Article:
Bending test showed that bones in the CPS group were characterized by higher values of yield and ultimate load and experienced smaller distortions, both in the region of elastic and plastic deformation, as shown by reduced values of yield and ultimate strain. However, when loads were adjusted to bone shape (yield and ultimate stress) both groups did not differ. Yield and ultimate stresses are better traits than raw bone breaking loads in measuring the effect of treatment on bone strength, as they can correct for bone size [23]. Thus, it can be assumed that overall the dietary protein source probably does not alter bone strength. However, Young modulus which is a material index of bone rigidity, was lower in the SBM group. Thus, observed differences in bones predisposition to deformation under the influence of external forces may be associated with other factors, such as the alterations in bone mineral phase or the structure of the organic matrix. This will be analyzed in the subsequent parts of the discussion.

The quantitative indicators of bone mineralization (mineral density, ash content) were the same in both groups. However, bone mineral composition differed (Table 2). CPS are characterized by higher Sr content than soybean seeds or their by-products, and, as shown by ICP-OES analysis, the Sr content was significantly higher in the CPS group. It has been shown that Sr positively affects cortical bone volume and Sr ions can replace some of the Ca ions in bones of chickens [43]. It was confirmed in our study where the increase of bone volume and Sr/Ca ratio in CPS chicken was observed. Nevertheless, despite the minor differences in bone microelements concentration, the concentration of major macro- and microelements closely related with bone growth (P, Zn, Cu) was the same in both groups.

Bone growth depends also on the action of chondrocytes from the growth plate cartilage [44]. Recently, is has been shown that the growth plate cartilage of birds with induced dyschondroplasia is characterized by increased hypertrophic zone, and inhibited bone mass-related and bone structure-related parameters [45]. Chickens form the CPS group had heavier, longer and wider tibiotarsus than those of SBM group, with reduced hypertrophic zone and increased ossification zone and total growth plate thickness.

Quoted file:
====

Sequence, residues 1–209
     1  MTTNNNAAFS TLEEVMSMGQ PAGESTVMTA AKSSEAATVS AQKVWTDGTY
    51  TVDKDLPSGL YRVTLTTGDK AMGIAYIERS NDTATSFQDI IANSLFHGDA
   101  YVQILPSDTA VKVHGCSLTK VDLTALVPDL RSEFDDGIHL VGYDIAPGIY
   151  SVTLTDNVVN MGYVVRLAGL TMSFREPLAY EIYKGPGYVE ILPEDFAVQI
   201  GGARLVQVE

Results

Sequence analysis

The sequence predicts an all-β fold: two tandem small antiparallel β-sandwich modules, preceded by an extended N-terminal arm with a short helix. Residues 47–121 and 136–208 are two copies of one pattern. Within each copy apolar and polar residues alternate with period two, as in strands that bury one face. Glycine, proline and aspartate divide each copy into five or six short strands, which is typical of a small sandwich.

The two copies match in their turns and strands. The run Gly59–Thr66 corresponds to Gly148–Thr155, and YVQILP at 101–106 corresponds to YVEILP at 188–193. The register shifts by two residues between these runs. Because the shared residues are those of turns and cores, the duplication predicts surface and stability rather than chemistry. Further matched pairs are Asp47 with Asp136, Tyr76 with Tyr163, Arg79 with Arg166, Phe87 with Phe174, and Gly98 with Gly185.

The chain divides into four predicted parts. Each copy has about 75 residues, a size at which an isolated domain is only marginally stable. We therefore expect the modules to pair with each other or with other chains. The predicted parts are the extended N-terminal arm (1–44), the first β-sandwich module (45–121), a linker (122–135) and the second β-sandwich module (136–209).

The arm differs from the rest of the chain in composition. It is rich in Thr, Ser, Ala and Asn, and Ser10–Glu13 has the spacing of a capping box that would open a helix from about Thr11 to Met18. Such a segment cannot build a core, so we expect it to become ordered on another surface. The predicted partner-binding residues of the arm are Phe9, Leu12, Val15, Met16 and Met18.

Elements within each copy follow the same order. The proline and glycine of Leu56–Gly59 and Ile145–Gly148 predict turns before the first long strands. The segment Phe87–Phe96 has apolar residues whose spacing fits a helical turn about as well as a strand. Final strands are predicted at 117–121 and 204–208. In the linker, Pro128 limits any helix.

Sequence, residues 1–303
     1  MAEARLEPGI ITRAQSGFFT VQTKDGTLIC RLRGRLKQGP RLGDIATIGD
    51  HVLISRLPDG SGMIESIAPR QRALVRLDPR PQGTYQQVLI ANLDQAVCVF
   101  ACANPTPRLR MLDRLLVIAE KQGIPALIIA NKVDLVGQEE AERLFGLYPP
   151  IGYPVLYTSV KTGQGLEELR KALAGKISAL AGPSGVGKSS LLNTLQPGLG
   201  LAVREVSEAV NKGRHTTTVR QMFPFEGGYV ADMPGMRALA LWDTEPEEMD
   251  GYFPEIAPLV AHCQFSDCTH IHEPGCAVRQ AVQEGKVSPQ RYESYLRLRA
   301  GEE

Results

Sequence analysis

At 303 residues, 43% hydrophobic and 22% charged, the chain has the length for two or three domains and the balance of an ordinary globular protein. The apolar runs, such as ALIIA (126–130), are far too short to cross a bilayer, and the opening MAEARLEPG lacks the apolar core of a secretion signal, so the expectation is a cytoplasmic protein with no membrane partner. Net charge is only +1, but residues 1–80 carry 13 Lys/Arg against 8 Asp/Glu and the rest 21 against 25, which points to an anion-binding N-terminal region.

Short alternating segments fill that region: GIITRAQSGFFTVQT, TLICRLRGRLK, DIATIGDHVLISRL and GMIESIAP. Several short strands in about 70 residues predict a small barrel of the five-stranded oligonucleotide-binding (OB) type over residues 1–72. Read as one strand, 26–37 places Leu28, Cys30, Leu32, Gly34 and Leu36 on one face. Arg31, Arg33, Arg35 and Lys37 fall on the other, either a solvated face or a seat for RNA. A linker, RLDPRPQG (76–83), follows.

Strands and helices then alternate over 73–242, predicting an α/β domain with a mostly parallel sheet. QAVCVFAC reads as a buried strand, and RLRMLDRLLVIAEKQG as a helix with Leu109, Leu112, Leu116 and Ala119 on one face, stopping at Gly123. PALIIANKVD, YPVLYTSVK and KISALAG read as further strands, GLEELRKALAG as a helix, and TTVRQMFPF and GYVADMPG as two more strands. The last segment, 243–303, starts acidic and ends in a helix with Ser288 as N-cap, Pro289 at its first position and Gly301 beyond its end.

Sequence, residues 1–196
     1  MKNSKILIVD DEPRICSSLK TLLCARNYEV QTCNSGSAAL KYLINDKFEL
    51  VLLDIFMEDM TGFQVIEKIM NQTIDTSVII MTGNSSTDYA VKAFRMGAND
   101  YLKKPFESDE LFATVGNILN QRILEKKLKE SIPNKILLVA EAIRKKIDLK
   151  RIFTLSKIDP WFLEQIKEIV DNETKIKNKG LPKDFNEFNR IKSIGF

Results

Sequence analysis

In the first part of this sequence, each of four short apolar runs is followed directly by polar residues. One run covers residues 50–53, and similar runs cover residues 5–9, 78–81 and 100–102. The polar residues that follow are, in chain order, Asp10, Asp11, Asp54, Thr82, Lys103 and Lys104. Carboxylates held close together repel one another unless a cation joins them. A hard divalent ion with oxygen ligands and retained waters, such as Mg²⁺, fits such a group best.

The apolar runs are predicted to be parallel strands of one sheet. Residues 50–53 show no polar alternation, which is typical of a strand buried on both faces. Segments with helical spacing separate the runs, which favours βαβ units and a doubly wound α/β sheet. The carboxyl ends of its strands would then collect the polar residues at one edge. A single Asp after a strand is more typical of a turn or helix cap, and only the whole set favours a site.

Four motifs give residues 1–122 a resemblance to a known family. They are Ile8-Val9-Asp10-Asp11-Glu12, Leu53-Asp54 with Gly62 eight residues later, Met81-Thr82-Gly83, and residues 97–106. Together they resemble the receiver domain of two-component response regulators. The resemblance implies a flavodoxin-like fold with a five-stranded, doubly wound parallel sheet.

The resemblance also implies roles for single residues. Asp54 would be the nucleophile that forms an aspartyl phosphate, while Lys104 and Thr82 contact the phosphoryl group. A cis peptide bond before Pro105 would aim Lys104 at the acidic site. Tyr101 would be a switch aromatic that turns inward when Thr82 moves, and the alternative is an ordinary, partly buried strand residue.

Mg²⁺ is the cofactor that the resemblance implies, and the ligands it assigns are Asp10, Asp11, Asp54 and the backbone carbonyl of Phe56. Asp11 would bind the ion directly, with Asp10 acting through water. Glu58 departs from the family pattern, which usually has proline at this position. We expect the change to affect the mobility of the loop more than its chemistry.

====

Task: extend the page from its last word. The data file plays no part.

In articular cartilage, CPS adversely affected the thickness of transitional zone containing proteoglycans, which provide hydration and swelling pressure to the tissue, making it more resistant and elastic. The association of collagen-proteoglycan system helps to maintain the shape and stabilize the cartilage. The area of the highest proteoglycan concentration was wider in the SBM group, indicating that substances present in CPS might affect the synthesis of proteoglycans. However, the thickness of the superficial zone (zone I) and shape of the articular cartilage surface were the same in both groups, which suggests that the hydration of the cartilage surface which plays an important role in lubrication and frictional characteristics of articular cartilage [46], was similar in both groups.

Collagen from articular cartilage was also examined using DSC analysis. We have previously used DSC technique to detect structural differences of collagen fibres caused by dietary treatments [18, 30]. In the present study, the denaturation temperatures were unaffected by diet type, indicating that crosslinked collagen was thermally very stable in both examined cartilage tissues. However, different net enthalpies suggested a change in collagen structure. We suggest that a reduction of net enthalpy in the CPS group is caused by morphologically less compacted collagen bundles of thin (immature) collagen fibres, the number of which has been shown to be significantly higher in the CPS group (Fig 6). Thin, more loosely packed fibres of immature collagen need significantly less energy to disintegrate their structure. Also trabecular and compact bone in CPS chickens were characterized by a higher number of immature collagen fibres (Fig 6), demonstrating intensive process of formation of new structures. Therefore, it can be suggested, that due to the fact that immature fibers are not hardened by hydroxyapatite particles, stiffness and elastic properties of compact bone were greater in the CPS group (Fig 2).